Memphis Cafe
Memphis Cafe

Memphis Cafe

When the Santa Ana’s Artists Village was still a twinkle in this writer’s eye, there was Trattoria Ciao—a stylish Italian cafe with white tablecloths, bare wood floors and a cream-green motorbike hanging along one whitewashed wall. Fresh-cut flowers adorned each table, and an eccentric Argentine-Italian, Patricio Dillon, managed tables by running in star patterns. Food was mildly exotic and always tasty. Nowhere in downtown Santa Ana was as interesting. Most new restaurants in the area were “Formica modern” temporary-contemporary disposable eateries, reliant upon a fast-moving Civic Center lunch crowd.

Meanwhile, the Santa Ana Council of Arts and Culture (SACAC) formed plans to recreate part of Downtown Santa Ana into an interactive arts center and a hood ornament for Santa Ana’s ambitious city-wide arts movement. SACAC proposed a ten-block arts district called the Artists Village, including a new home for the Orange County Center for Contemporary Art (OCCCA) and a satellite campus for California State University Fullerton’s prestigious graduate arts program. All of this was intended to add stability and quality to a dedicated vision of providing artists with live/work studio spaces. SoHo, New York City was the inspiration and Portland’s Pearl District, the model.

Despite resistance from some City administrators, media and various individuals, the Artists Village was born. In an area where the quality-of-life had fallen below acceptable levels compared to much of Orange County, the arts provided possibilities for renewal and revival. But the question soon arose, if the arts provided an invitation to visit, where were the amenities? One cannot invite people for a visit and not provide food!

Meanwhile, in Costa Mesa in an area called the Lab Anti Mall, a hot-spot eatery had risen in a recycled mid-century bar called Memphis. It seemed at the time that every foodie on the freeway was heading their way! The restaurant had a magnetic draw. One visit by members of SACAC, who experienced the restaurant’s Southern-cooked flavor combinations, fashion-friendly atmosphere and packed tables, and that was enough convincing to launch offers that Memphis consider a second location in Santa Ana’s new arts district.

When SACAC made its pitch, Memphis owners Dan Bradley and Diego Velasco had already been thinking about opening a second location. As Velasco shared, “We wanted our next effort to include architectural presence in an up-trending cultural area with social texture and community atmosphere. The Artists Village was perfect!”

So Bradley, an arts history major, and Velasco, a graduate of the California Culinary Academy in San Francisco, moved forward.

Memphis at the Santora immediately put a thrill in the air and set a style standard for the new arts district. Suddenly, downtown Santa Ana had expectations one might find anywhere but in Santa Ana!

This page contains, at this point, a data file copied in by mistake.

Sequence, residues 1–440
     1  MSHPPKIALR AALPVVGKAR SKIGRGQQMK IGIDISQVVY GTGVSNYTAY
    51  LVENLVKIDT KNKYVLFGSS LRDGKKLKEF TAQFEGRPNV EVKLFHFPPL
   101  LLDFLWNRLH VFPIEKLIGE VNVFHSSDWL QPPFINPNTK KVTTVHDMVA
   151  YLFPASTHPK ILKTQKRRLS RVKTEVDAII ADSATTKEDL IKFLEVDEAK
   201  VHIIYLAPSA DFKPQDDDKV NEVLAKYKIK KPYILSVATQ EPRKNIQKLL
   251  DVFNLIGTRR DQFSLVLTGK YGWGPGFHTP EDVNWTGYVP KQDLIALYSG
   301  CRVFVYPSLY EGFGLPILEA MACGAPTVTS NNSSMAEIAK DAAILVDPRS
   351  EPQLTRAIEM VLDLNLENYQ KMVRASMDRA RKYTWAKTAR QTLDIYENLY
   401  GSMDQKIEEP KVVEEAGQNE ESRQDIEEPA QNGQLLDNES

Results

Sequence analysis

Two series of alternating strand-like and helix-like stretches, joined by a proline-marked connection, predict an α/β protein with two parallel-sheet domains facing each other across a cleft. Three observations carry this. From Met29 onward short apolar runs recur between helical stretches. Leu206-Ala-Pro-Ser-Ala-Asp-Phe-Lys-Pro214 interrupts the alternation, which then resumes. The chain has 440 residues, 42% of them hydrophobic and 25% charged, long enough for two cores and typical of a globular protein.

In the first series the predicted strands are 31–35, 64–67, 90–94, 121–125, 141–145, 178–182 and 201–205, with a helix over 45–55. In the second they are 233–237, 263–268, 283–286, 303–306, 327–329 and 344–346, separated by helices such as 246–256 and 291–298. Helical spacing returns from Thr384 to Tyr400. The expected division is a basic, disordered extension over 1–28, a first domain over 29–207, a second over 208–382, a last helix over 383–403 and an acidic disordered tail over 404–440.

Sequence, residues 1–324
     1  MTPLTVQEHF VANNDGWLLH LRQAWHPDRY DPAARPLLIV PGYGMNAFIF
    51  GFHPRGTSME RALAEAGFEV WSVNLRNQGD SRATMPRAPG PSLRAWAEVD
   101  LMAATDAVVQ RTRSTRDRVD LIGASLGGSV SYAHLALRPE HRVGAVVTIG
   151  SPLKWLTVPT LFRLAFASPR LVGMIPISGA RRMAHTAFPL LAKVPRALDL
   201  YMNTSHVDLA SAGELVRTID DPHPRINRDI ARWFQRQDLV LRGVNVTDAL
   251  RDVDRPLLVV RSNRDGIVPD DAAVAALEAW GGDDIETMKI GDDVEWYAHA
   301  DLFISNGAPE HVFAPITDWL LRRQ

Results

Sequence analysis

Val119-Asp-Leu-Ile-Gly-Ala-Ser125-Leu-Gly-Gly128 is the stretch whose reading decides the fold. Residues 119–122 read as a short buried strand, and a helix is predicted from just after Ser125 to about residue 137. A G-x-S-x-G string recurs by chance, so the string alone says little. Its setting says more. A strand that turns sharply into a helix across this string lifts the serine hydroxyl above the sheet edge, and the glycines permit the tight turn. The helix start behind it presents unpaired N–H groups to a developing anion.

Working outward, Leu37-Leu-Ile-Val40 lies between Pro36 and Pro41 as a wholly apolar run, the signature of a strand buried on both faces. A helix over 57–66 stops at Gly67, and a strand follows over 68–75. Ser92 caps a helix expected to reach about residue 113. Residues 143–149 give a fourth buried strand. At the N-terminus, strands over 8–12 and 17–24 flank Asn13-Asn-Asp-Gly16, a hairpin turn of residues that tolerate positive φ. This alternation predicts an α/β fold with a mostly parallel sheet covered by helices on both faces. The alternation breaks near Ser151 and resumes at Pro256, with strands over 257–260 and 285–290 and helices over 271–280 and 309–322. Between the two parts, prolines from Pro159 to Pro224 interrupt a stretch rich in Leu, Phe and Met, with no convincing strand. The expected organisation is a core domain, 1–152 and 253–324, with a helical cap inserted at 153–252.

“People saw our plans and then the restaurant and they’d say things like, ‘This looks like LA. What’s it doing in Orange County?” says Velasco. “When we first saw the Santora Building, we felt a sense of pure excitement. To be on a prime corner of a historic building with sweeping windows looking onto a street like Broadway one way and a vintage pedestrian promenade the other, gave the sense of a big city. The area had an urban feel that reminded me of spots where I’d worked in San Francisco and Santa Monica. I couldn’t ignore the potential. I knew one day that potential would be realized, and that has occurred.”

Soon after opening, Memphis received and continues to garner favorable press up and down the coast. While Velasco and Bradley have noticed the attention, what they may not have realized is the role they played as an essential stimulus for founding an important culinary destination. Testaments to this fact are the new restaurants that followed Memphis and keep coming!

The cities of Pasadena and Santa Monica both embraced the arts and restaurants to revive and recreate decomposing downtowns. Both cities worked to capture traffic streams initiated by the arts, which led to other considerations, including residential and retail advancements. The combination of art and restaurants also set the table for professional arts interests, such as advertising agencies, architects, photographers and graphic designers. This “formula” is how many older areas have recycled and grown. Art and food make a remarkable recipe for new social interest and economic benefit. Visit Memphis and the Santa Artists Village and see for yourself!

Memphis Cafe
2920 Bristol St, Costa Mesa CA 92626  /  714-432-7685

Article Published in the
Jan/Feb 13 edition of the Old Towne Orange Plaza Review
Written by Don Cribb Photo by Jeanine Hill
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